A number of Members have speculated in recent days that the Government might be on the cusp of committing British troops to Libya in a combat, or combat support, role. I am pleased to have the opportunity to clarify the situation. I am clear about the fact that there is no appetite in Libya for foreign combat troops on the ground. We do not anticipate any requests from the GNA for ground combat forces to take on Daesh or any other armed groups, and we have no plans to deploy troops in such a role. I will, of course, keep the House informed of any plans that we develop in the future in response to requests from the Libyan Government, but the type of mission that we currently envisage would be focused on providing training and technical support, away from any front-line operations.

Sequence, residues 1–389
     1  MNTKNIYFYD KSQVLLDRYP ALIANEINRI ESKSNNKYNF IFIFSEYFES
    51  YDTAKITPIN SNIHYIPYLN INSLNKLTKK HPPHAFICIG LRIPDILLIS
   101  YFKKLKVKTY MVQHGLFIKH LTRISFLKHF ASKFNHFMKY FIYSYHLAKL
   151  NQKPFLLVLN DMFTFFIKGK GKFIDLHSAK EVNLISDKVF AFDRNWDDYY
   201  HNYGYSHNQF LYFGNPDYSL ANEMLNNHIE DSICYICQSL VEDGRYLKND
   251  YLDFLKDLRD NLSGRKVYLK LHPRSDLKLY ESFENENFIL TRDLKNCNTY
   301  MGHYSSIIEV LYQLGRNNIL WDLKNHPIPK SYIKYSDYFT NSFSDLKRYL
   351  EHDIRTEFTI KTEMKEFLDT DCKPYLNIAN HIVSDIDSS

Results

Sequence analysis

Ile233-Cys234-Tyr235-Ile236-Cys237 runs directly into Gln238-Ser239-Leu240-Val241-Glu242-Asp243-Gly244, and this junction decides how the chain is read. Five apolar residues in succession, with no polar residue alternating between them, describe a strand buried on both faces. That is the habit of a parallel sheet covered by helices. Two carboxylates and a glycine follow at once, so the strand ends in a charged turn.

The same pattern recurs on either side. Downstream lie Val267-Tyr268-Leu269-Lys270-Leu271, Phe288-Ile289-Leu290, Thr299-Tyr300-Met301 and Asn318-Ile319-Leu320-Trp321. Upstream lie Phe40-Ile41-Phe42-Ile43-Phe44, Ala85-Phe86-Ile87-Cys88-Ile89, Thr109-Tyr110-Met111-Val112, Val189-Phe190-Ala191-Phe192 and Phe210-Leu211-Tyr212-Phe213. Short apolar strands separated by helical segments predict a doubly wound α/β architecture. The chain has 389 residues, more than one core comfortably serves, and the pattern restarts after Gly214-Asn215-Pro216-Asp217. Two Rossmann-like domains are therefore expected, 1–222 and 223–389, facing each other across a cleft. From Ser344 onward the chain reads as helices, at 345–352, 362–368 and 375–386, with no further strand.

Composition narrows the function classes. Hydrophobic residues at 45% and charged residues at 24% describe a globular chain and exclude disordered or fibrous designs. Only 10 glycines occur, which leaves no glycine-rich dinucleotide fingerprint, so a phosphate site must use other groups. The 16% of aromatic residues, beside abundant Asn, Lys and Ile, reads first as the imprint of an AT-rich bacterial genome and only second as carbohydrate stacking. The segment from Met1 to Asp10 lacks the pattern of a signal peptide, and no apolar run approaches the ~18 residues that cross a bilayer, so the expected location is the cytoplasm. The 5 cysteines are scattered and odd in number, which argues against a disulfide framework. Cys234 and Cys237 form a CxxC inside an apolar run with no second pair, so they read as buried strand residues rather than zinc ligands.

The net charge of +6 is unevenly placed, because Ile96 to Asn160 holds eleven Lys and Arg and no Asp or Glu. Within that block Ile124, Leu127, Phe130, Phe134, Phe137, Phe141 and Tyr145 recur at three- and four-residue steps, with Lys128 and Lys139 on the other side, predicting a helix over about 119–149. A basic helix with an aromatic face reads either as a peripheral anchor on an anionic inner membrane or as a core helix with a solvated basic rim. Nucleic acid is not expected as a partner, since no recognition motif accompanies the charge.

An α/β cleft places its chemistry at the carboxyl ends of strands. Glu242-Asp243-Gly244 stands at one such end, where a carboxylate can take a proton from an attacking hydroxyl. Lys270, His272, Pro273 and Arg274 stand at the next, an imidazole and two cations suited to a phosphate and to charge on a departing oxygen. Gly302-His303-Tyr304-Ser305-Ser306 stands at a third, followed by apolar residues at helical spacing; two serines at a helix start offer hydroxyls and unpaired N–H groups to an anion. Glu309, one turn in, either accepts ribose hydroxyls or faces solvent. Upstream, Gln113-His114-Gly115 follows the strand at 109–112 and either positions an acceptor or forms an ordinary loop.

The Libyan economy is suffering from the effects of years of conflict and the impact of low oil prices. It is clear that the Presidency Council is focused on the immediate need to alleviate the pressures on ordinary Libyans, including those arising from the current squeeze on liquidity in the banking system, the shortfall in power generation and the shortage of basic commodities, as well as the slightly longer-term challenge of ensuring the effective functioning of the key state financial institutions—the Central Bank of Libya, the National Oil Corporation and the Libyan Investment Authority—and the challenge of rebuilding oil production and export capacity. As I said to Prime Minister Sarraj, the UK stands ready to provide whatever technical assistance it can with those issues, in all of which British companies have relevant experience and expertise to share.